European Consolidated Tape a Way Off as Incumbent Exchanges Defend Market Data Charges
The consolidated tape argument appears to have some way yet to run in Europe, despite a general market-wide acceptance that a post-trade tape of record needs to be introduced.
Under the latest MiFID II proposals, part of sweeping reforms to the financial services landscape in Europe, if the industry cannot agree a commercial approach to the creation of a consolidated tape within two years then the European Securities and Markets Authority, the pan-European regulator, will be forced to step in and establish a single commercial entity to operate a consolidated tape.
On the face of it, it seems like a reasonably priced consolidated tape, which is another of the stipulations of the European Commission proposals, will eventually happen but there are still many barriers that need to be overcome, not least in making the incumbent national exchanges lower their market data fees to allow the proposal to proceed.
Due to an increasingly fragmented marketplace in Europe—caused in part by the original MiFID document in 2007 which increased competition to the exchange landscape and has made the task of gathering a pan-European tape of record in one place ever more difficult—a consolidated tape is seen as a must by the buy side who are desperate to have an easily accessible, cheap and transparent view of the market to understand whether or not best execution requirements have been met.
It is estimated that a full set of equity market data costs eight times as much to acquire in Europe as it does in the U.S., which has a consolidated tape in place.
This is mainly due to the high costs charged by the incumbent national exchanges for data fees—the home markets are estimated to bring in €1 billion a year collectively from this—although the national exchanges argue that it is a price worth paying.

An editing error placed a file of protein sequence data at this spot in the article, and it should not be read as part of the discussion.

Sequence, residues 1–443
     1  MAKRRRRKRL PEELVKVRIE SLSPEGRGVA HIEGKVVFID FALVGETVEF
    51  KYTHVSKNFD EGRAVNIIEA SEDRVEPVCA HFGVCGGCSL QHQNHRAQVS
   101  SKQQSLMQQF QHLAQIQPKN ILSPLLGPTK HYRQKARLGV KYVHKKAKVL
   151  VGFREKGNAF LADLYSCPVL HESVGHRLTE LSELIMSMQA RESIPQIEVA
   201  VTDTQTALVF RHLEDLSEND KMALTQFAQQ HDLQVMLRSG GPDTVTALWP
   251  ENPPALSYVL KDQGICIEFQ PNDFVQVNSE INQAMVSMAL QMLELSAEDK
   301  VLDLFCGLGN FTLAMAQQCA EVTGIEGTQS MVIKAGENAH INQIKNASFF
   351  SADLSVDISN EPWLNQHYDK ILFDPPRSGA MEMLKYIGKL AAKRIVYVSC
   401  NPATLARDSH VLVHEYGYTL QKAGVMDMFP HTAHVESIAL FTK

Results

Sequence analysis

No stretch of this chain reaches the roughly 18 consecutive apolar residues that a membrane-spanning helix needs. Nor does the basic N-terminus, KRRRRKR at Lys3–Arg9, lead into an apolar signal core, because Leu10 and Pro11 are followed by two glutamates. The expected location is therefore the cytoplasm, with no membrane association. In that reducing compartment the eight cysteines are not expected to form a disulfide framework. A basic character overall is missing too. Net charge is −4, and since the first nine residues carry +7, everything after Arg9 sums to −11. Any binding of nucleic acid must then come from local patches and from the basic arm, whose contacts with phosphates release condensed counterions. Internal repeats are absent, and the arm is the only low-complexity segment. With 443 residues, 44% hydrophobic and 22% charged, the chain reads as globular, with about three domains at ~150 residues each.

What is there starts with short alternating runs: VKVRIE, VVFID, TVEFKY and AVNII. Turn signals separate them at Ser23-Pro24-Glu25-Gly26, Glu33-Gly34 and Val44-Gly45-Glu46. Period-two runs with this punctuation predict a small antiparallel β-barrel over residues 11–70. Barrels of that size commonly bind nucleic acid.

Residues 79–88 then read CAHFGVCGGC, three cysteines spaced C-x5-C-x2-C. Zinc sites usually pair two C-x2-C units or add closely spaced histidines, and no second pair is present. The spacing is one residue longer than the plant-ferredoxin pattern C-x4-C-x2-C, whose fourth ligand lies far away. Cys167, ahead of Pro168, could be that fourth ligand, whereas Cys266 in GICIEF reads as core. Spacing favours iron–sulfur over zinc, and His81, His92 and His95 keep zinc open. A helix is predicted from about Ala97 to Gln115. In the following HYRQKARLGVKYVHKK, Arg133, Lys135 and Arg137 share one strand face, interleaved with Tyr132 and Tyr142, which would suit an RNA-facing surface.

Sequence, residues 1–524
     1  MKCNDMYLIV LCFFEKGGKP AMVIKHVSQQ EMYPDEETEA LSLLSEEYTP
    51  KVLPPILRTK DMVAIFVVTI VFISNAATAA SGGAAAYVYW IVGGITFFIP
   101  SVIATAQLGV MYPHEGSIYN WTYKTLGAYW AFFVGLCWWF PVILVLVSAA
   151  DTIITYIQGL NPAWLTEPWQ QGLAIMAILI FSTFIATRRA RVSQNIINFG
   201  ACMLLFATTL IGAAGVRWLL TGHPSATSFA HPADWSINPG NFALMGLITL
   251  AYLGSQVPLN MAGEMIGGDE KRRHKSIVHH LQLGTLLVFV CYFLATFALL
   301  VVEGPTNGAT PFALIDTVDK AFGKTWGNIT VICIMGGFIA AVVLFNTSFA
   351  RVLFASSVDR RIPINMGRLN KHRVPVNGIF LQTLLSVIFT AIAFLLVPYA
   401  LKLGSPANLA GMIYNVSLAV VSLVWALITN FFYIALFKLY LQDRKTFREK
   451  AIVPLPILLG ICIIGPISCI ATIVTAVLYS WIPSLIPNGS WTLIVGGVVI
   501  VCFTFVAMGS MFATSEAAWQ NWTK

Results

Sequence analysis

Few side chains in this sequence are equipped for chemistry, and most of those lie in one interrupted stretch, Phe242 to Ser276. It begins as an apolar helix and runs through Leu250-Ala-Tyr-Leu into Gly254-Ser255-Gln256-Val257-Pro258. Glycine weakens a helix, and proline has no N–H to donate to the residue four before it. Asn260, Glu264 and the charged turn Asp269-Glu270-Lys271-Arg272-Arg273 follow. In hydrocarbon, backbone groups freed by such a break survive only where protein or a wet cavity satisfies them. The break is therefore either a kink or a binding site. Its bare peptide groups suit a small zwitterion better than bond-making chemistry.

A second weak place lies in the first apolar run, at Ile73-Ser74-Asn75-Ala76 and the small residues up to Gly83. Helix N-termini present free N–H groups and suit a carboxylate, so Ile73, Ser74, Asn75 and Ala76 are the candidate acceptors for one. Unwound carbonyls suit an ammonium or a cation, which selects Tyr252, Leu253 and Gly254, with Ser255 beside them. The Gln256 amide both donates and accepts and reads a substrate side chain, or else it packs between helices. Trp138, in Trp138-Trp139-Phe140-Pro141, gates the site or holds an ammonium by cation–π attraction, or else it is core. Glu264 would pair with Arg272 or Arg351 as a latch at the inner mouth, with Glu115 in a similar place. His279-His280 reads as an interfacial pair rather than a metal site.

“Our trading data has a real value as we find that every time we do not trade on our markets, for example when there is a volatility interruption or an auction, there is little or even no turnover at all on other platforms that also trade the shares that are listed on Xetra [an electronic trading system operated by the Deutsche Börse],” Michael Krogmann, executive vice-president of Deutsche Börse, operator of the Frankfurt Stock Exchange, told Markets Media.
“That is due to the fact that we are the price discovery venue and all the other platforms rely on the data that we produce on our platform. That makes it more valuable compared to the data of other trading venues.”
Some of the larger multilateral trading facilities, such as Bats Chi-X Europe and Turquoise, are also getting in on the act of charging for their data fees, albeit at a much reduced rate to the incumbents. And as a European consolidated tape must must contain all markets, including multilateral trading facilities, and not just focus on a sub-set of exchanges, to make it truly accurate, then the cost of establishing a true post-trade consolidated tape could well become exorbitant.
“Adding a potentially unlimited number of non-home markets will just make the cost of a consolidated tape unreasonable,” said Dr Christian Voigt, business solutions architect at trading and technology company Fidessa, in a recent blog.
The rise in over-the-counter equity trading is also inhibiting price discovery and this, too, holds stumbling blocks to the creation of a consolidated tape.
“It is very important that investors can see what is traded and at which size and which price,” said Krogmann at Deutsche Börse. “A big problem area is the OTC data—on transparent venues everything is reported right away, the respective sizes and prices.
“It is very important to consolidate the data from the OTC markets to make the whole trading more transparent. These OTC dark pools will have to have some post-trade reporting requirements.”
So, with the incumbent exchanges adamant that their market data feeds are providing a real value-added service, it seems that this may yet prove the major stumbling block for the creation of a consolidated tape.
“The failure of MiFID to establish a consolidated source of post-trade data in parallel with the firm rise in the number of trading venues has hit the buy-side firms and brokers,” said Carlo de Meijer, senior researcher, market infrastructures at the Royal Bank of Scotland, a U.K. bank.
“A consolidated tape would bring greater price transparency, improving price discovery. It would also provide cheaper access to pan-European data.”
Meijer added that there was a “need for a consolidated tape in Europe” but the “high costs of getting a consolidated view of the market” and the “problem of having data fragmentation in terms of achieving best execution” meant the original 2007 MiFID document was defeated in its mission to establish a consolidated tape.
Only time will tell, though, whether MiFID II succeeds where its predecessor failed.
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